That is indeed a relevant point. But what happens immediately after that is the CoG moves forward. The firmware can have a small window of allowable tilt, which the lifting of the forefoot may partially fit in. When the CoG then moves forward beyond the window, the firmware can try to keep the pedals as level as possible. This would initiate a fairly powerful acceleration even before the rider reaches the intended lean. And as you surely know, the wheels read the sensors and respond to the input hundreds of times per second.

Whenever I bring up the firmware into this topic of discussion, I think about the first experience I had with the V10F (perhaps the first firmware version). The behaviour was ridiculous, and it felt impossible to understand at first. I was literally not able to get into a proper leaning position. The pedals felt rock solid, and to a 16S rider (at that time) it felt almost as if there was a tiny but immediate tilt-back trying to stop me from going forward. Later on with an updated firmware the same wheel felt normal, and it now had a senseable softness to the riding mode. Meaning, I was able to feel some tilt allowed when starting to accelerate. The wheel now felt quite natural, and it responded to my commands in a predictable and sensible way. I was able to accelerate fast, for example, and to do so was effortless.

The only way I can explain my experience is a stupendously hard riding mode. And being that the behaviour was quite soon changed based on user feedback, tells me that I (and the owner of the wheel, at least to some extent) wasn’t the only one with said experience.

 

Quote

If the wheel responds "instantaneously", I can achieve any lean angle "instantaneously" (well, as quickly as masses can move around).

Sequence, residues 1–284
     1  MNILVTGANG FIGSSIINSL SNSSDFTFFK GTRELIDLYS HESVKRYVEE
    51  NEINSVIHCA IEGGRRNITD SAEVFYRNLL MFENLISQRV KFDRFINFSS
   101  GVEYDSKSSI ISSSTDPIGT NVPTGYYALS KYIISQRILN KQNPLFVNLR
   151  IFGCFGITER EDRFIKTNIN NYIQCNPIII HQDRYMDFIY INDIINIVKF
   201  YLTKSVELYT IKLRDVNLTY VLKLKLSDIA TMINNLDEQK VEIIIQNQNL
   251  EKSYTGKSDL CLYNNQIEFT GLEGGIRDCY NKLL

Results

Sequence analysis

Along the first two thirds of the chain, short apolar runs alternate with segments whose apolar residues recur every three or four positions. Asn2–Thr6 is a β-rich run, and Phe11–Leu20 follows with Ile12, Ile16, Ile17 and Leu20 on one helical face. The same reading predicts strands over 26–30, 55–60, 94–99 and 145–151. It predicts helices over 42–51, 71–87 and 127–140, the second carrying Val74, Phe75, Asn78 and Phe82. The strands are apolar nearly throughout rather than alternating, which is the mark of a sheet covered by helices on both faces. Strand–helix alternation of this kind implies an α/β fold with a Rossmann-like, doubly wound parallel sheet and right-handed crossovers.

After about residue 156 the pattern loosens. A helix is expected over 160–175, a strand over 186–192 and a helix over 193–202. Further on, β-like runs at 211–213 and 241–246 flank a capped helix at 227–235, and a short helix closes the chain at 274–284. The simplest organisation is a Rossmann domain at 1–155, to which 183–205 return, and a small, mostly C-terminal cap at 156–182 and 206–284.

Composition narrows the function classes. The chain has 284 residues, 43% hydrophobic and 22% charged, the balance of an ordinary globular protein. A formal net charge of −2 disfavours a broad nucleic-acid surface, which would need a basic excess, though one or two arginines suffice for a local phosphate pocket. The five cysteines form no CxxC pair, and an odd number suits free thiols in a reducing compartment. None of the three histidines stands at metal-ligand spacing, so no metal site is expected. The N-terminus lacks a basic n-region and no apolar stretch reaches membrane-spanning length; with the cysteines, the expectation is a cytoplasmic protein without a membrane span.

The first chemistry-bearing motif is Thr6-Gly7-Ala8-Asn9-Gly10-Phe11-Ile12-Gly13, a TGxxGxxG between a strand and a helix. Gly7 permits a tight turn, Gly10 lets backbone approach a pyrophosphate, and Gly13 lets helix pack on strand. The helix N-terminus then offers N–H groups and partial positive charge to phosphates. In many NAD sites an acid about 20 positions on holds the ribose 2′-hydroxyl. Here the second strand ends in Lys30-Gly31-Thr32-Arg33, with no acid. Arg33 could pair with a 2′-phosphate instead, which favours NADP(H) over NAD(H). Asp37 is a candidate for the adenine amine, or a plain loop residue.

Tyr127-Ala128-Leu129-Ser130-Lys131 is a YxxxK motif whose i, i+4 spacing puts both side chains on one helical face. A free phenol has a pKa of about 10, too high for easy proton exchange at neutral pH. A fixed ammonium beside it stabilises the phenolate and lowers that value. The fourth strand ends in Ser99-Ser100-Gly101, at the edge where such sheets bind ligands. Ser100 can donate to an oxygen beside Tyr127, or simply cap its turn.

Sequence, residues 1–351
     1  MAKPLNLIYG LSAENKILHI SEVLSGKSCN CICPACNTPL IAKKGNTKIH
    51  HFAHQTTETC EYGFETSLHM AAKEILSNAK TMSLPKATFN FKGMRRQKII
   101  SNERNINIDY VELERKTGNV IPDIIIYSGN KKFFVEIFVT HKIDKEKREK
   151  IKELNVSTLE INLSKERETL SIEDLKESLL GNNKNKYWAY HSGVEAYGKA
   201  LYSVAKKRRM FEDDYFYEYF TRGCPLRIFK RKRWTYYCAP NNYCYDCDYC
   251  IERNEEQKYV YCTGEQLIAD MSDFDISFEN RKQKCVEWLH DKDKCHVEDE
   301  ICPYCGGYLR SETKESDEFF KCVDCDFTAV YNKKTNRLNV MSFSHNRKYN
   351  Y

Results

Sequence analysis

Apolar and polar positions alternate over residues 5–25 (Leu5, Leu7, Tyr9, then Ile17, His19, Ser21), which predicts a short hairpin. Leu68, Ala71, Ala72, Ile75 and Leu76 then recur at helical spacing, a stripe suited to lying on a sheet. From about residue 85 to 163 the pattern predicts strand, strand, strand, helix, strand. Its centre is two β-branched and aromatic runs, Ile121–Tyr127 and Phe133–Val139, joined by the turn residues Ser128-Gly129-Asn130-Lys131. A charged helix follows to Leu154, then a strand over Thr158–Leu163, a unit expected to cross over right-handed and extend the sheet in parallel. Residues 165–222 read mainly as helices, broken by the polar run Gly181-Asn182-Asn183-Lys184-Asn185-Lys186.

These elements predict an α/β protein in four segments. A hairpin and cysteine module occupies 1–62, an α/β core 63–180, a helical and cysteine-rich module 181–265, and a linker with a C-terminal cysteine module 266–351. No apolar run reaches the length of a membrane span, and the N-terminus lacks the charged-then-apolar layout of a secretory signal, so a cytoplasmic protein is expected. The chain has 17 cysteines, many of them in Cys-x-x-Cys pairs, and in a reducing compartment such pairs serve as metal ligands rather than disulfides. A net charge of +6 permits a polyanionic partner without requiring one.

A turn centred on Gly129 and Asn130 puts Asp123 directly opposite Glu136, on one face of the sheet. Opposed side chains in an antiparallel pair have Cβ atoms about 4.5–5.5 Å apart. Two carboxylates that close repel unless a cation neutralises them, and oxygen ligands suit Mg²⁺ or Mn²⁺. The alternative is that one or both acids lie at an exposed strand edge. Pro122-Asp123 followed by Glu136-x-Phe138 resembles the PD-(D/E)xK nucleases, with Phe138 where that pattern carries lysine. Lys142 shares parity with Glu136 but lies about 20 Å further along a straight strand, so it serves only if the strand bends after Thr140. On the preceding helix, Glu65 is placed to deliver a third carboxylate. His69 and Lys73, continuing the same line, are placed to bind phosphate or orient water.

That is true. But as soon as you start putting pressure back on your forefoot to stop you from falling over, the CoG starts to move forward, and the firmware can decide how the wheel reacts. If the mode is hard enough to speed up the initiation of a lean as you described, it will just as rapidly try to cancel the forward lean as soon as you start to slow down the fall forward. Which I’m pretty certain does generally displace the CoG a lot more.

Quote

Many beginners feel that they cannot accelerate uphill even though they try to push hard.

I think a few of us will never forget the experienced downhill skier that wasn’t able to get his nee Gotway Tesla to go faster than 4km/h no matter how much he ”leaned”... As soon as we suggested that his ”lean” might actually be a skiing crouch and that he should instead push his hip forward, he stopped replying. And I like to think was happily cruising on his Tesla at whichever speed he wanted...

 

Btw @Mono, I love discussing and pondering this (or any) topic finally with a person of your level of understanding on physics, and your mature and humble attitude of curiousness! That is a first for me.

Edited by mrelwood
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Weird that it is possible to make the controller so sensitive to essentially prevent fast acceleration. I think I also saw weird braking behavior on a V10 video and started to wonder about the physical limitations due to pedal height and lean angle. The above depiction however seems to suggest that this should not be a physical limitation.

Thanks for the compliment, it's indeed very nice to discuss and getting this opportunity to deepen our understanding (slowly but steadily).

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On 6/10/2019 at 11:26 AM, Mono said: